Monday, November 22, 2010


So there's this group of friends of mine who were really close for many years but we've since been scattered to the four winds and haven't gotten together in a long time. We used to get together once a year, but eventually everyone got married and had kids and got real jobs with limited vacation time and it all just sort of broke down. So what are a bunch of 40-somethings, some of who are growing a bit thick in the middle, supposed to do?

A during the Labor Day break, two members of the old posse were sitting around mulling over just this problem when they hit on the idea of a long-distance bicycle ride down the Pacific Coast... or at least part of it. This idea turned out to be a stroke of genius for a few reasons.

First, it combined the notion of fitness with hanging out with friends. Second, it was immediately titled the "Mid-Life Crisis Bike Trip." This meant most of us were given immediate sign-off on the project by our significant-others. After all, who wants to say no to fitness? And the "mid-life crisis" label subtly implies that the alternative to this trip is buying a sports car and having an affair. By comparison, a bike trip with some friends is nothing.

Now we're deep in the planning phase, with routes being mapped out and people looking at new bikes and Lycra shorts being eyed suspiciously in the store. And I must say, I'm pretty excited about the whole thing. Before I got a driver's licence, I rode a lot. When I was 14, I even bicycled from Rochester to Niagara Falls, Canada with another 14-year-old friend (I've no idea how I got permission to do such a thing).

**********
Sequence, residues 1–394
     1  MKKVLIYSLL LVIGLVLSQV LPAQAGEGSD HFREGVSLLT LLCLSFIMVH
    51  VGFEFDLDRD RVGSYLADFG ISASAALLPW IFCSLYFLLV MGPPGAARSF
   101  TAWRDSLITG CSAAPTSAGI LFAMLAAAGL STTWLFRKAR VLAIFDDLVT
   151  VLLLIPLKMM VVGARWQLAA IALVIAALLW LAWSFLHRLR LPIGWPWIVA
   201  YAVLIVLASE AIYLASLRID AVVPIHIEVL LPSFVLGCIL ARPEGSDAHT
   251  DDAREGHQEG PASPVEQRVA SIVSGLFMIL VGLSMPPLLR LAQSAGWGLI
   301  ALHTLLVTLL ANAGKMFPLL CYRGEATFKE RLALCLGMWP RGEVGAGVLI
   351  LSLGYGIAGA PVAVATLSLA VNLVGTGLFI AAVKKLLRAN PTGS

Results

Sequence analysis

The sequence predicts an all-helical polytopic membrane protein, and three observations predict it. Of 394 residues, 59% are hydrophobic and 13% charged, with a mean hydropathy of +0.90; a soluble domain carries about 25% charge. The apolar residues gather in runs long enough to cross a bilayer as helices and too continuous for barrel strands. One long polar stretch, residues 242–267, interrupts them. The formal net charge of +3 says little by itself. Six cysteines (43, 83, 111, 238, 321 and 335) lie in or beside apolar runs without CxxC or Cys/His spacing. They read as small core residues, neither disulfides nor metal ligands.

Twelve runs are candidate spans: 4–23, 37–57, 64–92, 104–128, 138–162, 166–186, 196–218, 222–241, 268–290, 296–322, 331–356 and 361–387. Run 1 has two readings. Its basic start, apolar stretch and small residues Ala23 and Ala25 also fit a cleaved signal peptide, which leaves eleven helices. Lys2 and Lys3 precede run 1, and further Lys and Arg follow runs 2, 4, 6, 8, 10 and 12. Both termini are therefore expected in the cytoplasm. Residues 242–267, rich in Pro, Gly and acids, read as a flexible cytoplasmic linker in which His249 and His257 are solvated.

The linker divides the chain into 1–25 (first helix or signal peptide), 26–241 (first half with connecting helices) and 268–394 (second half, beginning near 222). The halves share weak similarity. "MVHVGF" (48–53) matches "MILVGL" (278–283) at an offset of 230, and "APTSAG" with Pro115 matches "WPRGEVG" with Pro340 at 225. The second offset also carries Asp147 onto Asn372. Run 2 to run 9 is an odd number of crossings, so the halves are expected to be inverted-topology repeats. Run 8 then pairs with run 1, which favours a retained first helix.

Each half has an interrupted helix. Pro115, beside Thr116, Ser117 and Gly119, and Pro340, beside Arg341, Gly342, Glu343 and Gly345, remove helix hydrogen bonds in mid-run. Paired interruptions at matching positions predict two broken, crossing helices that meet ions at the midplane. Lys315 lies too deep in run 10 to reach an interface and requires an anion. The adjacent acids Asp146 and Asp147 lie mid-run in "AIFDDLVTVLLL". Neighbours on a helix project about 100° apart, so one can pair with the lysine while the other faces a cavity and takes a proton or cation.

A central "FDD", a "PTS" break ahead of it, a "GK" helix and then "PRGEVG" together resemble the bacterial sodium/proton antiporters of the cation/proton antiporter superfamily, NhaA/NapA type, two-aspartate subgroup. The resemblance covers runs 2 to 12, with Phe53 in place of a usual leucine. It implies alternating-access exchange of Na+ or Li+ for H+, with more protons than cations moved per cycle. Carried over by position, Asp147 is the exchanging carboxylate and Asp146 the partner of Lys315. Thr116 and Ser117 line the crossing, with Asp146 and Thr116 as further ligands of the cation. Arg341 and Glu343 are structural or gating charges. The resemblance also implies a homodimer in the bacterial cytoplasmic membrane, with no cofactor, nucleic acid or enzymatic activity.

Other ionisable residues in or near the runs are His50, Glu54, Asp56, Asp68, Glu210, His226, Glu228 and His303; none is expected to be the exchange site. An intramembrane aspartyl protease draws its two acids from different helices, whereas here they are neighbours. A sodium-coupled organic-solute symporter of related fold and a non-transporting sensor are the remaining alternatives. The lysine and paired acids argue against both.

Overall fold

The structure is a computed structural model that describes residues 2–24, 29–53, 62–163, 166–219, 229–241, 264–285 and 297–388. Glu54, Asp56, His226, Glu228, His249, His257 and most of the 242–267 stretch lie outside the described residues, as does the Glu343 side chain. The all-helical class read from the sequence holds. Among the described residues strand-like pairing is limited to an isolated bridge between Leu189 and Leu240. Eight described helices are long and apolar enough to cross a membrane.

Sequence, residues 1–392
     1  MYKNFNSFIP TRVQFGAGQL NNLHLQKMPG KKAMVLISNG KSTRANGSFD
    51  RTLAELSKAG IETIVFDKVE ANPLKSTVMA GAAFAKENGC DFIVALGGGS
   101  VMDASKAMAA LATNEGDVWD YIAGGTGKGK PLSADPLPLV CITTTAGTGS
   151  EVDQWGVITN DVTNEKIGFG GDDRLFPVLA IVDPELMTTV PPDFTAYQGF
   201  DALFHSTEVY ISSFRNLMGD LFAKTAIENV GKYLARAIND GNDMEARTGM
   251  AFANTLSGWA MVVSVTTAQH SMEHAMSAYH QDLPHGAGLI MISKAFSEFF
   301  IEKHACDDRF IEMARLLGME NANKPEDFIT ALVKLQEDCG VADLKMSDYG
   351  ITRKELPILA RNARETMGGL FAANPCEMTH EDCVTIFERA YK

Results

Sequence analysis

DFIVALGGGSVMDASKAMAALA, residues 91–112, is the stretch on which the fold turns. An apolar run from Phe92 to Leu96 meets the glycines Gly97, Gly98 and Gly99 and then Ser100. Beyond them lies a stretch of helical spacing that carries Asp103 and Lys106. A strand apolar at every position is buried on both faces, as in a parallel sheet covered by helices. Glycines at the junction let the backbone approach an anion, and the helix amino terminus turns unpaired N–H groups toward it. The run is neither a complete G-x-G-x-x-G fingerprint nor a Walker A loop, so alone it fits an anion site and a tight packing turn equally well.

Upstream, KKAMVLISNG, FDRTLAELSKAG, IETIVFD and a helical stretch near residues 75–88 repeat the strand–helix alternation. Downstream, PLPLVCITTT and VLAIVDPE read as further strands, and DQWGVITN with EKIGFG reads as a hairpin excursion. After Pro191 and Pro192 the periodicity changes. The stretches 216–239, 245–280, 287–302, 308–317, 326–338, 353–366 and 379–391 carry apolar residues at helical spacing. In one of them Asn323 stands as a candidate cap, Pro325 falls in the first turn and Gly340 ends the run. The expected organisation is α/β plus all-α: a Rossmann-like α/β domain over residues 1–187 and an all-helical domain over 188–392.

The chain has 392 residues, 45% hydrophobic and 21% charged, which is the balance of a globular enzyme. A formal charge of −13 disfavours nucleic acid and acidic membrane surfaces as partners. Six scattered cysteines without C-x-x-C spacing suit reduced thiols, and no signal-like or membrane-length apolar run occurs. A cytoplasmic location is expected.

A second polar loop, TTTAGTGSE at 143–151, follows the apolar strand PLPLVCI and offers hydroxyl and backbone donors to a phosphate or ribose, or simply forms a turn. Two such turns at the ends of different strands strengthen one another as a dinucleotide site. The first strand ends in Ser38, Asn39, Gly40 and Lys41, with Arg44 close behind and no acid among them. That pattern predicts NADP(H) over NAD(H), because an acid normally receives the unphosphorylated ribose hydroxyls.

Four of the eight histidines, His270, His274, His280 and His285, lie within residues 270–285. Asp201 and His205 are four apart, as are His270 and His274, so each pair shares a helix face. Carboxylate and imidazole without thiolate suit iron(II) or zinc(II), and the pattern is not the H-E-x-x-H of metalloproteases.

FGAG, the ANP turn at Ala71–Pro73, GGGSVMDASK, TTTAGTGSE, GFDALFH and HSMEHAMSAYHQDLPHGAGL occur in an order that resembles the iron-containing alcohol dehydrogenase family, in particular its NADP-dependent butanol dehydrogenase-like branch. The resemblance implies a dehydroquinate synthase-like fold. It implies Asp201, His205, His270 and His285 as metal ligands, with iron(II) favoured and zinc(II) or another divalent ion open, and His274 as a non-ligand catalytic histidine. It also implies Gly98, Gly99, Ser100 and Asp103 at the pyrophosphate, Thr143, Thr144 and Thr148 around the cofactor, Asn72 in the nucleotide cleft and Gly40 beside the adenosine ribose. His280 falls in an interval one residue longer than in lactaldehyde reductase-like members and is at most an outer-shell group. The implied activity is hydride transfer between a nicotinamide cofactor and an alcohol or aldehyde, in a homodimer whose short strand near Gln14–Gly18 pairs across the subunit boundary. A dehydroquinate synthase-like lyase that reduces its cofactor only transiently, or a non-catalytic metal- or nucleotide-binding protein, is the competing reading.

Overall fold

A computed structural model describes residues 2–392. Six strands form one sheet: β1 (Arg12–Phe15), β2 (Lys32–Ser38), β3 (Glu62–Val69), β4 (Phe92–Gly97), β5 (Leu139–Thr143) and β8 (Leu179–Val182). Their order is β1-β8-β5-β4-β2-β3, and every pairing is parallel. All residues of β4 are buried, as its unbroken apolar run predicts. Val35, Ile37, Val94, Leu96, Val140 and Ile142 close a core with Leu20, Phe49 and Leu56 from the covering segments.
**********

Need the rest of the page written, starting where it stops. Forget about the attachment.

I've started training and it's become quite apparent I'm not 14, or 24, or even 34. During my epic teenage ride, I literally hopped onto a bike and rode it to Canada. No training. Not even any stretching was required. I think I wore a pair of jeans. Now it's more complicated. Arms and legs actually get sore and various important bodily regions can become numb if you sit the wrong way. I also get tired and thirsty sometimes after a ride. I don't ever remember feeling that when I was 14.

Bikes have gotten more complicated, too. The last time I really looked for a bike was in 1998. I've tuned up that bike and am riding it now to get back into shape. But I think I may need something a little better suited for the job, and there are a mind-numbing number of options and geometry and carbon forks and computerized shifting and other things like SRAM that I don't even know what they are but everybody seems to think you need.

Plenty of time to work that out, I guess. The important thing is that I get my lard-ass on a bike and start riding more. I'll need to be in much better shape if I'm going to pull this off. Mentally, too. The thing that perhaps frightens me most about this project is the prospect of being alone with my thoughts for 8 hours every day for an entire week. I actually don't like that. It's kind of like meditation, and that just drags ugly sludge up from the recesses of your mind.

My early test rides have gone better than I would have imagined, after having two blowouts on my first two attempts. I actually did a 20 mile ride in about 90 minutes and felt pretty good when it was over. So there may be hope for me yet. I'll keep you posted as the planning and training progresses.


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